I want to ask you a question to which I don’t yet know the answer: If you have an online store, when should you display a coupon box on your checkout page?
Before you answer that, consider another question: Has this ever happened to you? You Google something that you want to buy, for example, “Adirondack Chair.” You see a promising link in the first few search results and click on it: “Voila!” you arrive at a site that offers exactly what you’re looking for, and at a fair price. You click “Add to cart” followed by “Checkout.”
Three cheers for online shopping! You are now just a few keystrokes away from cheerfully and efficiently completing your purchase. Then it happens [cue dramatic clash of cymbals]. Suddenly something troubling materializes before your very eyes: A box labeled Coupon Code. How do you react? Think carefully about your answer because it could be the clue to a whole bunch of lost revenue.
Personally, my first thought is this: “If I had a coupon code then that “fair price” could be even fairer.” Two other thoughts then fight for second place: “Is someone else–someone who has a coupon code–getting a better deal on this chair than me?” versus “Where do I get a coupon code?”
And if I act on either of those two thoughts, you can pretty much bet I will be leaving the checkout page, either to open a new browser window and search for a code, or to navigate back to the home page of the site to see if I missed something about a coupon.
Now, if you’ve been selling stuff online for any length of time you know this: You do not want people leaving the checkout page for any reason (except maybe to grab their credit card). Here’s why: …two thirds of the people who leave the checkout page to look for a coupon don’t come back. How do I know this? Well first of all, we’ve been running some campaigns for clients where we cover up the coupon box for certain traffic segments and the results are decisively positive, that is, more sales are completed when the box is hidden than when the box is exposed.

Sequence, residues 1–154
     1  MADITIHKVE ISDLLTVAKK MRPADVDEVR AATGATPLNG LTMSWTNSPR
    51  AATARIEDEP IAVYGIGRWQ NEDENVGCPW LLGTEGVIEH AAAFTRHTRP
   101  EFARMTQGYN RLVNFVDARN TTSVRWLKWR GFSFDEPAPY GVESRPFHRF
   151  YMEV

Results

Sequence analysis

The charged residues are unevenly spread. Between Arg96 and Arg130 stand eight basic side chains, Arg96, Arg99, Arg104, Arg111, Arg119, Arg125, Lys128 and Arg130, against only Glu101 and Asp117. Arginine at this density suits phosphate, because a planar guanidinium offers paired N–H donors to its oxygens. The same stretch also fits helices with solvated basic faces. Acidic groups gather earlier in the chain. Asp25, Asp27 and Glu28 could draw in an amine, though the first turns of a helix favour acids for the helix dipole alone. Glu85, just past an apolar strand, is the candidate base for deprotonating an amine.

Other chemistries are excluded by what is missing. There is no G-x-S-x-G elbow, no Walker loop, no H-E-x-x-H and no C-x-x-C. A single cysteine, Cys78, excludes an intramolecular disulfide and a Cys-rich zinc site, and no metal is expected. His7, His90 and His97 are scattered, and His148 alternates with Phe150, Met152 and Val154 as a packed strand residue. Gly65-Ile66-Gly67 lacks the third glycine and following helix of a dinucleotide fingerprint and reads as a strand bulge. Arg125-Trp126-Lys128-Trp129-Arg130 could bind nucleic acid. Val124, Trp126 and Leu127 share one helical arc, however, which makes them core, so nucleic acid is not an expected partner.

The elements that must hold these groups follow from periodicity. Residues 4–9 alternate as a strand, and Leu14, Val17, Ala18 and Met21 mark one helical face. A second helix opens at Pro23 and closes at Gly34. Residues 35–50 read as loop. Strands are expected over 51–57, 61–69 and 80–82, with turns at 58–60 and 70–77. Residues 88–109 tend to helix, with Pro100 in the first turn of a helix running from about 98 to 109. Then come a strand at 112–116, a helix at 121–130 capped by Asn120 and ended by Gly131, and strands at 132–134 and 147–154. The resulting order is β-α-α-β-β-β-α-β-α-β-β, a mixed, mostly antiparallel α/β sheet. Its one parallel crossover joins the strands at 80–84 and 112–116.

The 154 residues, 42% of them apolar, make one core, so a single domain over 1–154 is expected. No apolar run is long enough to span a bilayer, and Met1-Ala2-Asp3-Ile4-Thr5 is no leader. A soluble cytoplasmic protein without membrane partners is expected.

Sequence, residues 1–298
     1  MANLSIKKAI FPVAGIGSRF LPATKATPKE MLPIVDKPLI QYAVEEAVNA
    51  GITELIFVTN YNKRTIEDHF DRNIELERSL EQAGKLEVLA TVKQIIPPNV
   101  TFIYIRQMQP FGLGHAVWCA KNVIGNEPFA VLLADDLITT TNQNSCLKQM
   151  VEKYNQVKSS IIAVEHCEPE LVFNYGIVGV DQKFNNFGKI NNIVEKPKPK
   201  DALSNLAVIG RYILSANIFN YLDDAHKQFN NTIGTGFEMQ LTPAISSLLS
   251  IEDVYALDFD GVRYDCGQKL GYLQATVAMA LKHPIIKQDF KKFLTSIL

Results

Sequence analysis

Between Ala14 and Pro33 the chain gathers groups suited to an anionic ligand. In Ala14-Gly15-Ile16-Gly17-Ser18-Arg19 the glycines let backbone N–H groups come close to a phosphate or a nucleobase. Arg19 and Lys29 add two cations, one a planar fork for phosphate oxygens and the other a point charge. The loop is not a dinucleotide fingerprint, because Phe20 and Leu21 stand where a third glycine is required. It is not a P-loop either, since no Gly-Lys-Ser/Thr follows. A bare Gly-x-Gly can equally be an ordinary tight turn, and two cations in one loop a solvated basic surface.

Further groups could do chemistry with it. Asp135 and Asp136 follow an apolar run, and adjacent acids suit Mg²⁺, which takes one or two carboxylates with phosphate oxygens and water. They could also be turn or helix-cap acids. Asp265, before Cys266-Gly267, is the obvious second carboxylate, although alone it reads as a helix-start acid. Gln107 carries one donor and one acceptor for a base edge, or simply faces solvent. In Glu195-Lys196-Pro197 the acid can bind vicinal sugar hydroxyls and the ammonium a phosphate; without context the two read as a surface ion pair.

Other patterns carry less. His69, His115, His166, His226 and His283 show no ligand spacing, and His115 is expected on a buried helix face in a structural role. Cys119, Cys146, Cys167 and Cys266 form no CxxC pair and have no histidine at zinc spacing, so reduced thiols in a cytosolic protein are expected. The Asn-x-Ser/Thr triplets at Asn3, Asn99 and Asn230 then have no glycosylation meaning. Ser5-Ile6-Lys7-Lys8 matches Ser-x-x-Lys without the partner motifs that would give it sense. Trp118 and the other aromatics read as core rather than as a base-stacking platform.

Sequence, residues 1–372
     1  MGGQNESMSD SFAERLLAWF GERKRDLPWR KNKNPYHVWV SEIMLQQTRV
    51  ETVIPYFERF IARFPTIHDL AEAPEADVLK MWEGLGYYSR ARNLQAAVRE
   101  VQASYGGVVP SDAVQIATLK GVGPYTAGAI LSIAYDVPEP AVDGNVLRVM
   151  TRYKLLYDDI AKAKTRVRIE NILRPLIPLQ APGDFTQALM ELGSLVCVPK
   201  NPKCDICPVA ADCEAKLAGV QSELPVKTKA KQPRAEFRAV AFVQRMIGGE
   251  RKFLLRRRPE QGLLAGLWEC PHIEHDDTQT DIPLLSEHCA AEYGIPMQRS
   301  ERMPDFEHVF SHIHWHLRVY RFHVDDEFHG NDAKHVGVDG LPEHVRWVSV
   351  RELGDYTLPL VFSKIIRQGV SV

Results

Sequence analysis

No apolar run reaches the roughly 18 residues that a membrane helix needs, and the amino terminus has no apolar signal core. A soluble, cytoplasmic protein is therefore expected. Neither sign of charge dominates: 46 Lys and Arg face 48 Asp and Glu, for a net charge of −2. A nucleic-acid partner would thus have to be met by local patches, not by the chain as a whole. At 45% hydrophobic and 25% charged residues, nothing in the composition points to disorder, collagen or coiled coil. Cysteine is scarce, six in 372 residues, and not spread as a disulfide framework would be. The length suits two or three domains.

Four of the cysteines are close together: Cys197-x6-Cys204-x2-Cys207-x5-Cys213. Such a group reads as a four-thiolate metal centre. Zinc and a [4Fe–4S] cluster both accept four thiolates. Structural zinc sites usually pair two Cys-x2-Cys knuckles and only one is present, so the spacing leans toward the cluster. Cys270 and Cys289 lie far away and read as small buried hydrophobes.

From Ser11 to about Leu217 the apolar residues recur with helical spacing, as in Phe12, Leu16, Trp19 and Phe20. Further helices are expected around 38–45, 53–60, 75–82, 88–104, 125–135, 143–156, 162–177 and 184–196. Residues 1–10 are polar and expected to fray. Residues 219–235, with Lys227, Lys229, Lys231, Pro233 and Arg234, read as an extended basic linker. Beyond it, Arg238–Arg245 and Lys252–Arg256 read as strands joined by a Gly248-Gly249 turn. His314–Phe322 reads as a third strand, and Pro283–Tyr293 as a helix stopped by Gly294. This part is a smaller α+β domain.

Second, this exact statistic appeared in the results of a recent survey conducted by PayPal and comScore. This is the same survey that found 45 percent of online shoppers had abandoned shopping carts multiple times in just three weeks.
When asked the reasons for abandoning their carts, 27 percent of respondents cited: “Wanted to look for a coupon.” Of those shoppers, only one in three later returned to the same site to buy.
Given that the average cost of abandoned goods in those shopping carts was over $10, this is a problem to be taken seriously; and given what I’ve observed in my random survey of online stores over the past few weeks, it’s a problem that is widespread. A lot of stores present the shopper with a place to insert a coupon even if the shopper arrives at the checkout page from a direct “search-to-cart” buying path like the one I described above, with no pre-existing thought of using a coupon.
So, to repeat my original question: If you have an online store, when should you display a coupon box on your checkout page? Although I said I don’t know the answer, I think I’ll take a stab at it, but feel free to let me know if you think I’ve got it wrong:
“When there is a high probability that the shopper already has, or can easily access, a coupon applicable to what he or she is purchasing.”
To put that a different way:
IF (P > 0.8, ShowBox, NoBox)
where P = probability that shopper has or can easily access a coupon applicable to one or more items being purchased. Does this make sense? And if so, how hard would it be to implement in your online store? Calculating P could be tricky and we can’t overlook another scenario that explains why coupon boxes exist on some checkout pages: They are hard coded into the shopping cart software. I will tackle these rather tricky issues in a separate post and end this post with a fairly conclusive answer to the following question: Can coupon boxes cost you money?
A: Yes they can.